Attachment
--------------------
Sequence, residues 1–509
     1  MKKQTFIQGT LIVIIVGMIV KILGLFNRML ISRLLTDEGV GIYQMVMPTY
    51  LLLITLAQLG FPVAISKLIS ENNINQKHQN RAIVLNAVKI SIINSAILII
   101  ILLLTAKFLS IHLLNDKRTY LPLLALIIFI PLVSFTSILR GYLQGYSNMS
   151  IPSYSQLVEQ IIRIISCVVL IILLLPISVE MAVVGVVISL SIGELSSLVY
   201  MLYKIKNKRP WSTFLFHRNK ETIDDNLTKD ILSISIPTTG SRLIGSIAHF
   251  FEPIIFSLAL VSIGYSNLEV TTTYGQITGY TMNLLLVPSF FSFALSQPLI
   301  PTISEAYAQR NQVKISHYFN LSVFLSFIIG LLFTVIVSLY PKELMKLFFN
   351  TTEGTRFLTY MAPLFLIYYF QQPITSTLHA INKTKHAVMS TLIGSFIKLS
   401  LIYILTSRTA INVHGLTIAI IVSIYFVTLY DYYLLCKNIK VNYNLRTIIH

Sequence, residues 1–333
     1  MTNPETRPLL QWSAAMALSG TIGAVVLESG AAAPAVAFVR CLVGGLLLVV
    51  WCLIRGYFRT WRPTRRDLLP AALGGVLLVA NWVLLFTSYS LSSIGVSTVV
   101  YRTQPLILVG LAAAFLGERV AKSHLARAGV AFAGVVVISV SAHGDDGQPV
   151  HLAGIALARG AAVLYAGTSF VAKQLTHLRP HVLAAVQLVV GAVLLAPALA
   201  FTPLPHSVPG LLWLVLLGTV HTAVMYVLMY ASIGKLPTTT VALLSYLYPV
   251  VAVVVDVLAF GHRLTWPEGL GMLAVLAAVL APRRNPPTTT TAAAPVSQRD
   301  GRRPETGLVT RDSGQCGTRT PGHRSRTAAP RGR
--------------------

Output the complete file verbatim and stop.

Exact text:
Sequence, residues 1–509
     1  MKKQTFIQGT LIVIIVGMIV KILGLFNRML ISRLLTDEGV GIYQMVMPTY
    51  LLLITLAQLG FPVAISKLIS ENNINQKHQN RAIVLNAVKI SIINSAILII
   101  ILLLTAKFLS IHLLNDKRTY LPLLALIIFI PLVSFTSILR GYLQGYSNMS
   151  IPSYSQLVEQ IIRIISCVVL IILLLPISVE MAVVGVVISL SIGELSSLVY
   201  MLYKIKNKRP WSTFLFHRNK ETIDDNLTKD ILSISIPTTG SRLIGSIAHF
   251  FEPIIFSLAL VSIGYSNLEV TTTYGQITGY TMNLLLVPSF FSFALSQPLI
   301  PTISEAYAQR NQVKISHYFN LSVFLSFIIG LLFTVIVSLY PKELMKLFFN
   351  TTEGTRFLTY MAPLFLIYYF QQPITSTLHA INKTKHAVMS TLIGSFIKLS
   401  LIYILTSRTA INVHGLTIAI IVSIYFVTLY DYYLLCKNIK VNYNLRTIIH

Sequence, residues 1–333
     1  MTNPETRPLL QWSAAMALSG TIGAVVLESG AAAPAVAFVR CLVGGLLLVV
    51  WCLIRGYFRT WRPTRRDLLP AALGGVLLVA NWVLLFTSYS LSSIGVSTVV
   101  YRTQPLILVG LAAAFLGERV AKSHLARAGV AFAGVVVISV SAHGDDGQPV
   151  HLAGIALARG AAVLYAGTSF VAKQLTHLRP HVLAAVQLVV GAVLLAPALA
   201  FTPLPHSVPG LLWLVLLGTV HTAVMYVLMY ASIGKLPTTT VALLSYLYPV
   251  VAVVVDVLAF GHRLTWPEGL GMLAVLAAVL APRRNPPTTT TAAAPVSQRD
   301  GRRPETGLVT RDSGQCGTRT PGHRSRTAAP RGR